Q&A with Mark Bowers

Q&A with Mark Bowers


Throughout his tenure at the Chalmers Center, Mark has overseen the research, development and pilot-test of their U.S. and international development curriculum. He also developed training of trainers(TOT) processes to equip facilitators and partners to use non-formal microfinance, financial education and jobs readiness tools in their communities. Mark earned a BA in Psychology and an MA in Intercultural Studies while teaching at Quy Nhon University of Pedagogy in Vietnam. Outside of work, Mark loves creating travel adventures with his wife, Tannia, and their new baby boy, Elías.

Q: A majority of U.S. adults incorrectly assumes international poverty has increased in the past 25 years, even though millions have been lifted out of poverty in that time . If progress has occurred / is occurring even while most Americans seem to be a bit out of touch on this issue, why is it still significant to be educating donors and the Church on the realities and best practices of poverty alleviation? 01

Even with this news that global economic mobility is on the rise, the Church still has a calling that has yet to be fulfilled: to proclaim and put to practice the good news of the Kingdom reign of God, over all of creation and among the poor. We have to be careful as a Church that we don’t fully equate social and economic mobility with poverty alleviation. While God’s blessing does have a material component, that is just one sign of his favor.

Jesus was always talking about finances—and not just as some material matter, but as a spiritual matter. That’s a big contrast to this dualistic thinking of today that divorces the sacred and the secular. In proper context, the countless teachings and parables of Jesus about wealth, possessions and the Kingdom of God simply don’t make sense as messages of individual fulfillment, try as some may. When we examine Old Testament economic customs like Jubilee, Gleaning, Sabbath, we’ll find laws that God set up to assure that there would be justice and peace. Since the beginning, money has always held a central place in God’s work, and the local church has a unique role to play in demonstrating the kind of financial shalom that we’re supposed to aim for and bring about in the world. That biblical shalom is not the same thing as secular social mobility.

The Church is there to call people of all income levels to ultimately see that God is the one who is providing for us and not ourselves. It’s reminding us again that, while financial flourishing might be one sign of God’s blessing, it’s not the end goal. According to a holistic definition of poverty, we are all poor, materially or not, and strive to be transformed day-by-day into God’s glorious image.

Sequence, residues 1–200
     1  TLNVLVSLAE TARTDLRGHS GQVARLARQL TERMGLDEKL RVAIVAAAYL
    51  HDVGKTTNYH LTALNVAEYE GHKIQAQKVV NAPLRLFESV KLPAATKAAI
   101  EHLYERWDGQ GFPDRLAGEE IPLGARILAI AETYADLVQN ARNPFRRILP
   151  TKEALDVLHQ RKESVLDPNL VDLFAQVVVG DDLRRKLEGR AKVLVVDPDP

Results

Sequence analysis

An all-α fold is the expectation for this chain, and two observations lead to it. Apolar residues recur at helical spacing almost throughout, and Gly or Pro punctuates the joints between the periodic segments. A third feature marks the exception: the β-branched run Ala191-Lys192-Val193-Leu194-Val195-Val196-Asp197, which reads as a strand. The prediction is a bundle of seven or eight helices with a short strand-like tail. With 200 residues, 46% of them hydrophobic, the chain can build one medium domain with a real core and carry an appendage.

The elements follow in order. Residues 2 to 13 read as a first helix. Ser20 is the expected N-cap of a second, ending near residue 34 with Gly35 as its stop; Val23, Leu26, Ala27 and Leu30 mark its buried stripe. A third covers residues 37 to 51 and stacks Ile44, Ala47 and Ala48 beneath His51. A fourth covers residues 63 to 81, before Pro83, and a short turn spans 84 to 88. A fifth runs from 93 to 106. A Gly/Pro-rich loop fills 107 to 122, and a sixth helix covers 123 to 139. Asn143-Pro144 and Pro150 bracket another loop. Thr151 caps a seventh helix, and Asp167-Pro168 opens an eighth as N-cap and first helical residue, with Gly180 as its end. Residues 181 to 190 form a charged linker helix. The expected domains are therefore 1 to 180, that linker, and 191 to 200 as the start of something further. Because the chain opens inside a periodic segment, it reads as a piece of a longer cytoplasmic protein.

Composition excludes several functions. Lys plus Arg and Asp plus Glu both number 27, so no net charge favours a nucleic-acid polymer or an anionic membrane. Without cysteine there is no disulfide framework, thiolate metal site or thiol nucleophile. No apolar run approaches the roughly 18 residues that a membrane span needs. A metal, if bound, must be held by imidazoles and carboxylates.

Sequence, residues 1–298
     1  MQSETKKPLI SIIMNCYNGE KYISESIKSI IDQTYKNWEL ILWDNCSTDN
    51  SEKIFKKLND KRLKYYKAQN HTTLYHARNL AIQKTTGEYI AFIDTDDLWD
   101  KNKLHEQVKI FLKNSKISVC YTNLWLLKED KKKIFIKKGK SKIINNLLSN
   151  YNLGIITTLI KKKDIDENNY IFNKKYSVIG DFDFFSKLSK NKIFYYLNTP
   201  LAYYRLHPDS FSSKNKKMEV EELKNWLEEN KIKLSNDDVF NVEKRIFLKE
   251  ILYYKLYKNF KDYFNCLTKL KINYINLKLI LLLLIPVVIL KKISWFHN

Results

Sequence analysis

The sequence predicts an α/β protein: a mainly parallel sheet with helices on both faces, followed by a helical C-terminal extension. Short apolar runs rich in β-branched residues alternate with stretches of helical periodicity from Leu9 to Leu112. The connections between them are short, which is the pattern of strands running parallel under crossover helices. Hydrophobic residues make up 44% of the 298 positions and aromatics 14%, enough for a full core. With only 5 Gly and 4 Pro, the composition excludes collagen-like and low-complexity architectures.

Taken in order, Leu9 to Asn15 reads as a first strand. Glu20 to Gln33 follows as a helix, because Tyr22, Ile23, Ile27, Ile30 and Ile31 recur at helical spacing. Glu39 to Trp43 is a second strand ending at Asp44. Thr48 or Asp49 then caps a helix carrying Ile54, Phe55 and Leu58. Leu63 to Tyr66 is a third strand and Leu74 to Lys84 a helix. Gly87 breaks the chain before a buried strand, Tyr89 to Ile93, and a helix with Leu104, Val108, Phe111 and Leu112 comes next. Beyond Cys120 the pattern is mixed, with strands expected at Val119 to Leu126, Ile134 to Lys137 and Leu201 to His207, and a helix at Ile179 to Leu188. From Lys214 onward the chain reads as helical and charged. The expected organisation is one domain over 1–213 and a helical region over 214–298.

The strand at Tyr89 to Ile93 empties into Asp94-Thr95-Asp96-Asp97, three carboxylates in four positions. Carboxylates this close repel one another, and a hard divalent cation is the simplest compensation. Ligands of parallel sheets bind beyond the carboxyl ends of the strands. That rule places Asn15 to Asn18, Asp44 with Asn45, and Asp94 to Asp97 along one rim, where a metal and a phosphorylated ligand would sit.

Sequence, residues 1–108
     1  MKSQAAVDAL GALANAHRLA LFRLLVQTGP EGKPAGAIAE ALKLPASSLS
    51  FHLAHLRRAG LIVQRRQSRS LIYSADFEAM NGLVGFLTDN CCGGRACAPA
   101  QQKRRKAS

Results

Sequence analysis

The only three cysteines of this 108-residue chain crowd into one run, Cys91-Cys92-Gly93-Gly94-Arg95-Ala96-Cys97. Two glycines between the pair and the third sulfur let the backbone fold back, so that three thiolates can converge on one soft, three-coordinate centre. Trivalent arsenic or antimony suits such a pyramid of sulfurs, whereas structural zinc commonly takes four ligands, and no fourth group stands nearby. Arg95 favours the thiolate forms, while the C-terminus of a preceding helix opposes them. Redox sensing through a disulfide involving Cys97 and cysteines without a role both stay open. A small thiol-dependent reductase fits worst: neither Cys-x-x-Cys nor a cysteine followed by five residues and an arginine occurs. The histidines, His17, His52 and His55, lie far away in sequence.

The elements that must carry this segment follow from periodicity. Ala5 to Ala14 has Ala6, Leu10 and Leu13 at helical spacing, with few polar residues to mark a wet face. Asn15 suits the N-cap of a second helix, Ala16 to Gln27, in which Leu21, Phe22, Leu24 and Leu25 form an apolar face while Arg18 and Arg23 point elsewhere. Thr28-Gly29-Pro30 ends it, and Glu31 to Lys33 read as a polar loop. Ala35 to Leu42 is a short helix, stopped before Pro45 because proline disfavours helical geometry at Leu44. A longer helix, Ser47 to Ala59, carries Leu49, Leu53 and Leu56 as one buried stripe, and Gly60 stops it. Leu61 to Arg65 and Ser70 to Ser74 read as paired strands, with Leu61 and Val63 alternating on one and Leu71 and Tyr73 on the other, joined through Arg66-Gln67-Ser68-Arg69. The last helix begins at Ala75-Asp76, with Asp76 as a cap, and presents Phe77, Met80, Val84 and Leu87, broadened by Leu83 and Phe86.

Q: Why do pastors have a unique role to play in helping the poor, even in a time marked by secularization and less trust of faith leaders on other major topics? 02

When you are trying to practice the economy of Jesus among people who are poor—with your neighbors, your friends or community members—I can’t think of a better person than a pastor who can help to guide you. That’s their role in the church, to shepherd and to guide us through what living out the Kingdom of God looks like. A pastor is really the ultimate steward of the people of God—and having a place where they can work out these kind of complicated economic issues in a community of trust is vital for growth.

Q: What are common mistakes or misconceptions that might keep people from really being able to play their unique role? 03

In the history of the church, we’ve done terrible things to people who are poor and marginalized in the name of God. God help us to never do those things again. But at the same time, let’s not let that fear of repeating harm paralyze us. Let’s walk forward in faith and humility as learners in these relationships. Instead of saying, Don’t, you’re just going to hurt people, we’re trying to say, What are the best practices? How can you actually help in ways that are mutually healthy? Don’t let that fear of hurting stunt you. Don’t just cancel your ministries; remake them. Reimagine them. The Chalmers Center has created courses like “Are You a Good Neighbor?” to help church members ask themselves and their leaders questions like: How do we practice hospitality toward the poor? Even more importantly, do we know how to receive from people who are poor? What do we communicate in the physical spaces where we live, work and shop? In our churches, how do our spending habits, the style of worship, the language options and the level of literacy make the Kingdom accessible to others?

Q: How can the U.S. Church ensure that the voices of the marginalized help shape efforts to help the poor? 04

I’m a white male. I’m in my 30s. I have inherited a legacy, especially in my nation, of economic systems that have actually helped me to succeed. It’s easy to say, “Well, I worked hard for my success,” and not recognize the collective history that’s helped me to do that. That individualistic perspective doesn’t see when systems, in the U.S. or around the world, work well for me—but might not work well for everyone else.

Part of recognizing privilege means that we intentionally place ourselves under the leadership of Christians who are marginalized so that they can shape our walk with God and the way we do economic development ministry. On a personal level, consider your mentors: Are any of them of a different race or lower socioeconomic position than you are? On a church or local community level, are those with privilege willing to cede power to someone of a minority ethnicity, lower educational level or lower economic status? Those questions serve as a litmus test for how ready we truly are to include the voices of our brothers and sisters on the margins.

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